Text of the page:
First cranial remains of a gondwanatherian mammal reveal remarkable mosaicism. 2013. Krause, D. et al. Nature
Vintana had a skull is almost five inches (125 mm) long - double the size of other mammals Gondwana - & had a mass about 20 lbs. (9 kg).
Vintana's massive chewing muscles moved the jaw upward and backward and likely produced higher bite forces than living rodents of similar body size. Based on characteristics of its jaws and teeth and analyses by Dumont and others, the authors believe it ate a diet of roots, seeds or nut-like fruits.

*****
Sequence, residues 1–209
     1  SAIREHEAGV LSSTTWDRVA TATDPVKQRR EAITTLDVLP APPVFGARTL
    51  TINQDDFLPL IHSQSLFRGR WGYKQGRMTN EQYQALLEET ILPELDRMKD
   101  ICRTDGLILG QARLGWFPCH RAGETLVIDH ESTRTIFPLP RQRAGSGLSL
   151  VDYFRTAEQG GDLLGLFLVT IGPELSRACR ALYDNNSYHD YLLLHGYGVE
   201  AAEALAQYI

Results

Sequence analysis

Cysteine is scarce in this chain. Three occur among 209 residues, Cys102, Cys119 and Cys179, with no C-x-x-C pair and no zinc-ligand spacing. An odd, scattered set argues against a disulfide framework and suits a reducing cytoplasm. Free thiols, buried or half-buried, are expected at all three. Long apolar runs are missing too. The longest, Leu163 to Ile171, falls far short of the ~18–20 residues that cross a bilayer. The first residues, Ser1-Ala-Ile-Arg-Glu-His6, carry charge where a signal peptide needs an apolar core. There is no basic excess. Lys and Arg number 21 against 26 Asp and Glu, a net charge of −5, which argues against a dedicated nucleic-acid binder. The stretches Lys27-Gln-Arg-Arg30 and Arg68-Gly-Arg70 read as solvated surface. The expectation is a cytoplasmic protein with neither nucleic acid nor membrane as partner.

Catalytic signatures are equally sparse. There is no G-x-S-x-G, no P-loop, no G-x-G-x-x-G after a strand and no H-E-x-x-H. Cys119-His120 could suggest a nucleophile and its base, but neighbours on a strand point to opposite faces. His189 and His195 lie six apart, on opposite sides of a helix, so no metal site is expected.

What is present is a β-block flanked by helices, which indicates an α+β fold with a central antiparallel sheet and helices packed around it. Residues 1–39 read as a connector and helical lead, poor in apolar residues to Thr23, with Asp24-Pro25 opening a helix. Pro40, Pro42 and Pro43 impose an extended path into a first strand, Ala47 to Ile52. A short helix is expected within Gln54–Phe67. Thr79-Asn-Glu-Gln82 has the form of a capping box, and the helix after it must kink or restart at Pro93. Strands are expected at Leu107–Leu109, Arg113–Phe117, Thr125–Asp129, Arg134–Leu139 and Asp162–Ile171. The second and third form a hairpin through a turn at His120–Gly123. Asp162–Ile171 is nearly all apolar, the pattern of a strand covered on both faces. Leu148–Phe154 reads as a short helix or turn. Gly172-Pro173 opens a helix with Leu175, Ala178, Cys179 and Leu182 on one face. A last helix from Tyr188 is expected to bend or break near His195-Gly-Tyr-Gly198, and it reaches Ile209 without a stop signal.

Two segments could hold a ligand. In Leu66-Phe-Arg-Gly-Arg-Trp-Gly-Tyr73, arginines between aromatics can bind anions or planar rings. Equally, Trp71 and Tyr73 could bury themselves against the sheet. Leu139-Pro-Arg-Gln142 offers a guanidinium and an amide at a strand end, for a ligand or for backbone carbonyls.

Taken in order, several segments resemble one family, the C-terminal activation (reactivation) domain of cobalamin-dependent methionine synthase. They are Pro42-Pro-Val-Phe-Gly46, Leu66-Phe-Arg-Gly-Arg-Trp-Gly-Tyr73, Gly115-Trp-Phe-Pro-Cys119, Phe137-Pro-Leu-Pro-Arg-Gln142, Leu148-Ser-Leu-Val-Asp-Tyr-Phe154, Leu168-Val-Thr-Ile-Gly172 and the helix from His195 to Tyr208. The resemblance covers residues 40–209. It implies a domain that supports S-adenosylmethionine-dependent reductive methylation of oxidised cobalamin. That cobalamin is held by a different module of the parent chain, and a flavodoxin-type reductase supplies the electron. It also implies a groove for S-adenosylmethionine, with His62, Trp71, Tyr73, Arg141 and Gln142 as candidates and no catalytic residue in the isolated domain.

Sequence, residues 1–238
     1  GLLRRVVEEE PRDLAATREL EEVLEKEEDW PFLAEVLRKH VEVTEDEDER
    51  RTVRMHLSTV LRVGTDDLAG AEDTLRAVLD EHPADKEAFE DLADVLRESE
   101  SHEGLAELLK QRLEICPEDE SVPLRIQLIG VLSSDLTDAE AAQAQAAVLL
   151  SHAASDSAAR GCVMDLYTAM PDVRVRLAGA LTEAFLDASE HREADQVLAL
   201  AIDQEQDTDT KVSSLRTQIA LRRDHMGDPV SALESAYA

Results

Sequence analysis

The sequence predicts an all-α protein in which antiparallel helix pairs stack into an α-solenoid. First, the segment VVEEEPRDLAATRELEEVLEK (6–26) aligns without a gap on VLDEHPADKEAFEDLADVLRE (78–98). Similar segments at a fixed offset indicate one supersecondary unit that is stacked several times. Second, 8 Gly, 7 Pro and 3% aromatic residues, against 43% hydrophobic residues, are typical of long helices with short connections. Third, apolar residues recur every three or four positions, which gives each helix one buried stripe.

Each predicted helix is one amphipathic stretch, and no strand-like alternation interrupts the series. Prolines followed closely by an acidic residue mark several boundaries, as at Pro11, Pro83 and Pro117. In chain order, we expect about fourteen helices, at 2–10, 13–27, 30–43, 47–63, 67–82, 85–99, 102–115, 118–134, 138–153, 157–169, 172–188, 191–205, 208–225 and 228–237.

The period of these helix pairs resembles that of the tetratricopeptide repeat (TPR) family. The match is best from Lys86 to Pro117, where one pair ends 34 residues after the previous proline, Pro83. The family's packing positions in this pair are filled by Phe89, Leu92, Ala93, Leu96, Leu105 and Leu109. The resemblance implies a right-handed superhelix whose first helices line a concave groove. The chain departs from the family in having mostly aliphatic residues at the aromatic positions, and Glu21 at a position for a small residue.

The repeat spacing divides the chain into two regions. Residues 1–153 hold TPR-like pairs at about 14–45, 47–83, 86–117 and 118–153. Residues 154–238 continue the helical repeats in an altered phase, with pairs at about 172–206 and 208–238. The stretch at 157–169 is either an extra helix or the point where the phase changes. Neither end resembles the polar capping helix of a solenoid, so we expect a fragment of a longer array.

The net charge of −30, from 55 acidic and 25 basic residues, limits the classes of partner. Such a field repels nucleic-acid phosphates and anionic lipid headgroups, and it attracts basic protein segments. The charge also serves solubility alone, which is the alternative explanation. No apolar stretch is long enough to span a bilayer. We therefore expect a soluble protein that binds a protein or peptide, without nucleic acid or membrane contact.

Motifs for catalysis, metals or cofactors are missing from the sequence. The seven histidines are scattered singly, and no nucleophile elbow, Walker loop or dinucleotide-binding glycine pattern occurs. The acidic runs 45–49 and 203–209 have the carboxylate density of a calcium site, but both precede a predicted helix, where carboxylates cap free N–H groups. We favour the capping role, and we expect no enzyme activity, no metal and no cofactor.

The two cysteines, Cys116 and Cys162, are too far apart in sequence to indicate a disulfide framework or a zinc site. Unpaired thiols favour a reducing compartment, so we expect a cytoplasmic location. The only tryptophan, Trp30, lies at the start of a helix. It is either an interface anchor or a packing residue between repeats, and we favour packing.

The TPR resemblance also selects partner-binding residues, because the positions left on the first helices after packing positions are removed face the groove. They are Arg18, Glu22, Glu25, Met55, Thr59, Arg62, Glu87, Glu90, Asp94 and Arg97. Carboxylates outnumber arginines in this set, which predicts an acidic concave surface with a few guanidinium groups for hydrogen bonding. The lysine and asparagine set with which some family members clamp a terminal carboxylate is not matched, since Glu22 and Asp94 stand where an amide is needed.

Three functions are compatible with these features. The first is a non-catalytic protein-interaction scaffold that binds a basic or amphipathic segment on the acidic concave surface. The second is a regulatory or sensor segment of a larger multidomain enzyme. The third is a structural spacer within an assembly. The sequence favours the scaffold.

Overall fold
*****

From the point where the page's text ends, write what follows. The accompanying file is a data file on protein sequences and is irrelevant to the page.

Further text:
Vintana belongs to a group of early mammals known as gondwanatherians, until now known only from isolated teeth and a few jaw fragments. The well-preserved skull allows the first clear insight into the life habits and relationships of gondwanatherians. PR